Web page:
New School Preparatory

Sesame Street Meets Puccini

When these voices were raised in song, they reached higher than you might expect of kids.

By Michael McLeod | Orlando Sentinel Staff Writer
Posted December 29, 2003

It's five minutes to curtain time. The cast is in place backstage and the audience is brimming with holiday cheer. But it's all Karen Sorin can do to keep a grim smile in place.

Sorin is the show's director, and what she has on her hands is no ordinary grade-school holiday show.

This one features a cast of 145 students, ages 5 through 13, and none of them is dressed as archangels, elves or dancing reindeer.

This is the annual Winterfest of the New School, an ambitious private K through 8 prep school near downtown Orlando. The school has a tradition of upping the ante with its holiday shows, challenging students and surprising parents with unusual productions. Once it was fractured fairy tales. Another year it was scenes from Broadway musicals.

This year, it's opera.

Bizet. Gounod. Puccini. Mozart, in German. Verdi, in the original Italian. All of it mixed in with a few other traditional Italian folk songs and brought to you by a cast that can barely remember boy bands.

When Sorin and co-director Etty Baru proposed the idea, even Sorin's husband, school director Morrie Sorin, was taken aback. "I thought they were crazy," he says.

Opera is the heavy lifter of the performing arts. Everything about it is big: themes, casts, costumes, voices, waistlines. Kids are little. Karen Sorin seems to think this is not a problem. At least that's what she keeps telling herself.

"Our kids don't know they aren't supposed to be singing opera," she says. "They don't know it's supposed to be too hard for them. They think it's fun."

Still, there are a few adjustments that have to be made. Third-grader Catherine Frederick is nearly lost amid the singers and dancers penned up backstage. Catherine, 8, will be part of a chorus singing "Papageno," from Mozart's opera The Magic Flute, and "L'Biamo," from Verdi's La Traviata.

Here is what she has to say about opera:

"When you sing Italian, you have to move your mouth a lot."

Fellow third-grader Ele Clark, 7, seems to be relishing the challenge. "It's a lot harder than "Clang clang clang went the trolley" and "yodelei-hoo," she volunteers.

Out in the audience, parents are comparing notes about a sudden surge of interest among their young ones in foreign languages and Puccini CDs. Cindy Schmidt says she could sense that the contagion of operatic excess had taken hold of her daughter, cast member Alex Schelle, 8, when Alex requested a juice box on the way out the door to the performance -- provided that someone else would hold the juice box for her.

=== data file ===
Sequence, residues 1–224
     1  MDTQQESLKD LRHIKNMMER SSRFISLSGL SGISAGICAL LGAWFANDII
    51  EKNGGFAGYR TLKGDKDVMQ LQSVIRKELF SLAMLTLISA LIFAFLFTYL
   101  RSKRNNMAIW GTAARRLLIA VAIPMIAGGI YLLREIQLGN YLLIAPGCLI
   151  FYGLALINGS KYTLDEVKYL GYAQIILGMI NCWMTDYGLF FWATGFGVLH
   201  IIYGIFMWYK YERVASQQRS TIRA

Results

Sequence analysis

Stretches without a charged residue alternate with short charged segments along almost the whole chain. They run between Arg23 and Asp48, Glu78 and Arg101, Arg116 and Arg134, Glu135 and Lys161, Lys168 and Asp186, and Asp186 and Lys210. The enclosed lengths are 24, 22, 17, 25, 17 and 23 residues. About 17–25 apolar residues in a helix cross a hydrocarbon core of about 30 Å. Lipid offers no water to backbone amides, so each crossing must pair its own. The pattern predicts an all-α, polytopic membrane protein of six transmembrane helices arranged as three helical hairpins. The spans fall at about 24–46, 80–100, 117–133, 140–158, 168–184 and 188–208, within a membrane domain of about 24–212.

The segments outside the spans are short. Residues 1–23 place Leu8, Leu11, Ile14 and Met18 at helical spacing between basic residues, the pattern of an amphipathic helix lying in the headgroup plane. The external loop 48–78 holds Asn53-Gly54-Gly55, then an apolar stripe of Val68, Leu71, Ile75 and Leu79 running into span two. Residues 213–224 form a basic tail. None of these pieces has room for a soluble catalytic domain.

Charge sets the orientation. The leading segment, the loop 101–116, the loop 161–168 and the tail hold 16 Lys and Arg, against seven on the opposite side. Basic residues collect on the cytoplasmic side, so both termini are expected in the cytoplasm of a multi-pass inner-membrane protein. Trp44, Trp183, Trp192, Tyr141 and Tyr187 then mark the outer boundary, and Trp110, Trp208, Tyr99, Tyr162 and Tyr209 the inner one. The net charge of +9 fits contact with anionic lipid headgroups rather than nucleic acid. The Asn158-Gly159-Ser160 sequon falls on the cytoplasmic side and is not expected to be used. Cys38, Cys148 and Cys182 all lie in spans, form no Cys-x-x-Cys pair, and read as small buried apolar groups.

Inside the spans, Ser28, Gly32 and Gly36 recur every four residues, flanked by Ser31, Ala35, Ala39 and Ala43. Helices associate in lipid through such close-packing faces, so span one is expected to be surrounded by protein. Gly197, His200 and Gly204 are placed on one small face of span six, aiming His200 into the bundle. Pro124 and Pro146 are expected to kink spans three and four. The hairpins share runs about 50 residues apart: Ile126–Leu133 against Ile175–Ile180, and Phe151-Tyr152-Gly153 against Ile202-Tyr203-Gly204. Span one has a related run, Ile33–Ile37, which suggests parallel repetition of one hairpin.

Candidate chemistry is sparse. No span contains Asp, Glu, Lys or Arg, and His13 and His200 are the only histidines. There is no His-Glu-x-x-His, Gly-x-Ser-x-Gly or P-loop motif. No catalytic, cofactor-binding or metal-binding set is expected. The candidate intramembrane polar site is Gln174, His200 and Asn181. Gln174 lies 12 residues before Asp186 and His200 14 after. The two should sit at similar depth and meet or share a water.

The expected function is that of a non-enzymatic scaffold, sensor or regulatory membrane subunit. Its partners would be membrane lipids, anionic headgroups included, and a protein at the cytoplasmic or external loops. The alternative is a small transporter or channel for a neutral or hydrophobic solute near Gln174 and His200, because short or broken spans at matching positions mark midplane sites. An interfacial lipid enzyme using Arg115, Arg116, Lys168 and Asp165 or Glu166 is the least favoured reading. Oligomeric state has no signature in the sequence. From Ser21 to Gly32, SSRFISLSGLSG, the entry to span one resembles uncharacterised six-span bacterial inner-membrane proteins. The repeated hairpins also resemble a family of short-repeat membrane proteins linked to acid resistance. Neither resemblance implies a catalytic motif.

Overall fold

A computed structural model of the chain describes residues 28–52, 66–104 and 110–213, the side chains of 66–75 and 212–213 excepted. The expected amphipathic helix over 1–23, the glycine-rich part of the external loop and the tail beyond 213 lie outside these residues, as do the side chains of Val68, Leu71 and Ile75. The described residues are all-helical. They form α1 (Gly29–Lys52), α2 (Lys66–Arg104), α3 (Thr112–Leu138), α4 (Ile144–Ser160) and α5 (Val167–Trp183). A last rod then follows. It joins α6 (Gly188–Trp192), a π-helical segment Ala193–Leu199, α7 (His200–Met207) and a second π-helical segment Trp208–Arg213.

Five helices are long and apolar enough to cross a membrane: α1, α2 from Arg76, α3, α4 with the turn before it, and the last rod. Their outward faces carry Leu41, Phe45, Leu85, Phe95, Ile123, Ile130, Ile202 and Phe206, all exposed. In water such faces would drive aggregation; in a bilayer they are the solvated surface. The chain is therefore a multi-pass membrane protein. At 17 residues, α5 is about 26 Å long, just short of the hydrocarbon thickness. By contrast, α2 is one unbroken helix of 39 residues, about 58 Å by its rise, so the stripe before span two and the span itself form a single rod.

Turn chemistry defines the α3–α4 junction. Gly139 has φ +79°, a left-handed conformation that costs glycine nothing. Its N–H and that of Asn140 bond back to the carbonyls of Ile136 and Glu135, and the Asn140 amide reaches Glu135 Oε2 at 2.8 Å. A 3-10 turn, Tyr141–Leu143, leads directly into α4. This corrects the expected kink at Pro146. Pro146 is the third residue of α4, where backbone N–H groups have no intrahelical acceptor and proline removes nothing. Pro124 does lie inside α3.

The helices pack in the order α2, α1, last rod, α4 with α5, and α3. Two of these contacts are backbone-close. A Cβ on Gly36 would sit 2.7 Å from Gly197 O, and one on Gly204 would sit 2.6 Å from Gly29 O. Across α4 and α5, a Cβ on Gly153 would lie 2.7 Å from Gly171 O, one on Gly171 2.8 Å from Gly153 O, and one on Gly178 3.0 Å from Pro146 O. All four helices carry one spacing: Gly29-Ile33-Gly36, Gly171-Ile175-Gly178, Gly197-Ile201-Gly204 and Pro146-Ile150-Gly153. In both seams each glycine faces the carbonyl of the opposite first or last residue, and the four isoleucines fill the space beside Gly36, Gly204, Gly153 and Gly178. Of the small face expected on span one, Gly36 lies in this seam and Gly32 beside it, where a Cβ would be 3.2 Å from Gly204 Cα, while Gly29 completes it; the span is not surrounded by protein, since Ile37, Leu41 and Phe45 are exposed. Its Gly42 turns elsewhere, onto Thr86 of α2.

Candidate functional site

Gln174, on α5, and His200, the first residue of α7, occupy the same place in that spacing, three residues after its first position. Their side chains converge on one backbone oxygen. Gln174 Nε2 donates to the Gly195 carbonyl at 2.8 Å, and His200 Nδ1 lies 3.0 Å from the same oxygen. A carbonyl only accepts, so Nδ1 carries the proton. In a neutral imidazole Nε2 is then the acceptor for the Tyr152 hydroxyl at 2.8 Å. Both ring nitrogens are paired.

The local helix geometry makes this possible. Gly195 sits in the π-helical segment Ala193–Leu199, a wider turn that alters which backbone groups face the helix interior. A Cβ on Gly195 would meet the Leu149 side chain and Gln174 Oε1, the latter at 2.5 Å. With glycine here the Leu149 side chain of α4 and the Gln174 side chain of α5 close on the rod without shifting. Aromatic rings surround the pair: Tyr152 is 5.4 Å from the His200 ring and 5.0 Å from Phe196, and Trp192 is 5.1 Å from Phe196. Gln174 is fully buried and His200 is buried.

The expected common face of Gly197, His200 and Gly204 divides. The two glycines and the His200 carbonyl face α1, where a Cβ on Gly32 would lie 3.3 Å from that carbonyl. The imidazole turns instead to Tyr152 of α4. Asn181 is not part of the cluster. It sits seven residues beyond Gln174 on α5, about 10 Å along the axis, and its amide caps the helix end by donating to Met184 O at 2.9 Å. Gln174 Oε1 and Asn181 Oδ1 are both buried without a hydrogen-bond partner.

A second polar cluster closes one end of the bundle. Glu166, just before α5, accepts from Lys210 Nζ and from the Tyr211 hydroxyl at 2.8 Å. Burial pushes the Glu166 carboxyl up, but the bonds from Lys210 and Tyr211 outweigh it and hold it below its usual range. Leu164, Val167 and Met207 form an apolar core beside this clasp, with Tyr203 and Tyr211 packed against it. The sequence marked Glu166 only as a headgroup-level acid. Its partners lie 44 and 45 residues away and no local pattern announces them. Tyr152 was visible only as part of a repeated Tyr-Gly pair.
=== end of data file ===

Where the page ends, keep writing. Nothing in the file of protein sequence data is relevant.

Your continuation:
"She couldn't carry it herself because her nails were drying," said Schmidt. "I think I have a diva on my hands."

Now there is a round of shushing backstage. Dozens of slippered feet pad into place. The show begins.

First there is the warm-up: a humorous song about opera, in English. It's filled with inside opera jokes -- many of which the kids have come to understand:

I never did like opera

They always sing too high

Vibrato always bothered me

It made me want to cry.

Then we tried singing opera

We found it very tough.

It takes a trained professional

To sing such difficult stuff.

True enough.

Yet who knew 8-year-olds could look so convincing belting out the wine song from La Traviata? When was the last time you heard what a group of hearty kindergartners can do with "Funiculi, Funicula"?

It may be the stuff of amateurs, but the operatic sampling stitched together by the New School cast works remarkably well.

Somehow the expansiveness of "O Sole Mio" is even grander when embraced by youthful chorus.

Somehow the alluring "Habanera" from Carmen can be translated into shimmering innocence by fifth-grade girls.

After the show, a relieved Karen Sorin breaks away from a swirl of backstage hugs to say that what opera taught her was to never underestimate the secret life of children.

"They understood the passion of the music," she says. "During rehearsals, I got a group of second-graders together and asked them if any of them had been in love."

One by one, all of the hands had gone up.

Copyright © 2003, Orlando Sentinel.

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Bizet. Gounod. Puccini. Mozart, in German. Verdi, in the original Italian. All of it mixed in with a few other traditional Italian folk songs and brought to you by a cast that can barely remember boy bands.

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